A new year heralds in the start of a new discover Britain route, and for 2017 Bryn Davies heads to Scotland to circumnavigate the country. In this issue he’s in the Southern Uplands.
In the last issue of ABR magazine, I claimed that our Cumbria and Yorkshire Dales weekend ride would be the last instalment of our Discover Britain series. That may have been the case at the time of writing that feature, but due to overwhelming love for the routes we’ve made, I’m convinced that Discover Britain needs to stay. And so, for 2017, we’re going to continue our circumnavigation in two-day chunks, extending our tour up to Scotland.
In this issue we hang around in the wonderful Southern Uplands, an area of Scotland that I had previously never visited, or even considered visiting. In the past, whenever I’ve decided to take a trip over the border, I’ve had a desire to venture as far north as possible, thinking that the further up I went the better the scenery would be. While there’s no doubt that the landscapes of the Highlands and Cairngorms are world class, missing out on the Southern Uplands is almost criminal!
The staging point for our two day assault on southern Scotland is Gretna Green.This small village is famous for being the wedding destination of choice for young lovers over the last few centuries, who wanted to bypass Lord Hardwicke’s Marriage Act, which prevented anyone under the age of 21-years-old in England and Wales from getting married without parental consent. While the village served that purpose for star-crossed lovers in times gone by, for the modern day adventure bike rider, it’s the perfect place to spend a night after gunning it up the M6 after finishing work on a Friday evening.
From Gretna Green, our two day route will take you east, visiting the fascinating Devil’s Porridge Museum before slicing through the wild and remote Galloway Forest Park. e riding is splendid as you then bear south to Scotland’s most southerly point, the Mull of Galloway. Day one finishes with a blast up the coast to Ayr, where you’ll find plenty of accommodation and dining choices.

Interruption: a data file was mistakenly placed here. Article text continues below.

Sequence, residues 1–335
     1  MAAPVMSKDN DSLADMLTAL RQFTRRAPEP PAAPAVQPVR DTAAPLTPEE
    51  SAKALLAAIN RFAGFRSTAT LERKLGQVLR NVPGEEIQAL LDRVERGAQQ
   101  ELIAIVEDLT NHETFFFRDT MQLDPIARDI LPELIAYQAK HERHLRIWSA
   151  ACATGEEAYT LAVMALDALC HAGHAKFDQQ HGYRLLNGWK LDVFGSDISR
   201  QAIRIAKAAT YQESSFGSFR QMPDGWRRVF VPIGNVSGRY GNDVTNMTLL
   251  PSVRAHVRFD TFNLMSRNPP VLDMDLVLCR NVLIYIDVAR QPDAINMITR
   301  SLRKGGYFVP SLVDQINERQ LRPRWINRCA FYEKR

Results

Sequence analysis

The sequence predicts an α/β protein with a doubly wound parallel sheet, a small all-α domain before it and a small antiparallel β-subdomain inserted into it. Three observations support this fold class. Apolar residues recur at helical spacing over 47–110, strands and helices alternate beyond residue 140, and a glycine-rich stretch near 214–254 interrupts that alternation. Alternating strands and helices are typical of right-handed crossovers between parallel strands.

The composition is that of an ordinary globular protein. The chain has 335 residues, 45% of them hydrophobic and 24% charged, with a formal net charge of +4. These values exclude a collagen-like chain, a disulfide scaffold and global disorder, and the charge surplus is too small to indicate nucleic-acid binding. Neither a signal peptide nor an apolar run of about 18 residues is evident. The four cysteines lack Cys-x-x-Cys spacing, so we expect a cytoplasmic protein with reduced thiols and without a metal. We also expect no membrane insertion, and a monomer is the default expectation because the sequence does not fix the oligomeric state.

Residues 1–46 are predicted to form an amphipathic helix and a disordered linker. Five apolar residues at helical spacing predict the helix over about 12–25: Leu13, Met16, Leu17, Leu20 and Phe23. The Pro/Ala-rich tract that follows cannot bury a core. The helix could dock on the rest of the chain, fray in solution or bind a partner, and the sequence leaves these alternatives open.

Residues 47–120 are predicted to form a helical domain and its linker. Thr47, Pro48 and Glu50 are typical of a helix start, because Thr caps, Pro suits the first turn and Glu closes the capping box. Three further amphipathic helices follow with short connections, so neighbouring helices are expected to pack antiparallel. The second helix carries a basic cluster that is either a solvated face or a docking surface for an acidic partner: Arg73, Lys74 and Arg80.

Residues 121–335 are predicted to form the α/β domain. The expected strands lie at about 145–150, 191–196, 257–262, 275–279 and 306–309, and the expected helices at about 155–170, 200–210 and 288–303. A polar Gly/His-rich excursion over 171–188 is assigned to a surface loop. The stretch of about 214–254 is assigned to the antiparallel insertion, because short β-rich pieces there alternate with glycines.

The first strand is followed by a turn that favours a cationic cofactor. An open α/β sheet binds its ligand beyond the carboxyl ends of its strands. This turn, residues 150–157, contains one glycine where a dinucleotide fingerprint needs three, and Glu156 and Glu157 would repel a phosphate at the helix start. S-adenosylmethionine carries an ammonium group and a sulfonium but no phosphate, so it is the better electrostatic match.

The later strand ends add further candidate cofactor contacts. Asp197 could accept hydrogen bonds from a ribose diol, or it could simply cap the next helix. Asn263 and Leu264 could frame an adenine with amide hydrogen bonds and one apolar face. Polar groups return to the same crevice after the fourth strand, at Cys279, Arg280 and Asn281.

Day two is all about the riding as we head to Moffat, the motorcycling hub of the Southern Uplands. Before we reach the town we take in a series of three incredible passes in the Lowther Hills, riding through Scotland’s highest village as we go. Grab a bite to eat at Moffat and prepare yourself for an epic route east to Selkirk and Melrose Abbey, where Robert the Bruce’s heart is said to have been buried. From Melrose Abbey we almost double back on ourselves to ride some more of the tantalising roads of the Moffat Hills.
Our route ends where it began, in Gretna Green. From here it’s simple enough to hop back on to the M6 where you’ll be whisked back home, ready for work in the morning having ridden some of the most beautiful and exciting roads around.
Three passes, Lowther Hills
Trying to pick a best road in the Southern Uplands is like being forced to choose which of your children you like best. ey’re all good, but there are three passes in the Lowther Hills that can be linked together in a route that will have any biker turning around for a second ride. They run west to east and are, starting with the most southerly, the Dalveen Pass, the Mannock Pass and the Crawick Pass. e Mannock Pass takes you through Wanlockhead, an old mining village that, at 467m high, claims to be Scotland’s highest village. Each of these roads provides engaging riding through some of the most visually inspiring valleys you’ll find along our Southern Upland route.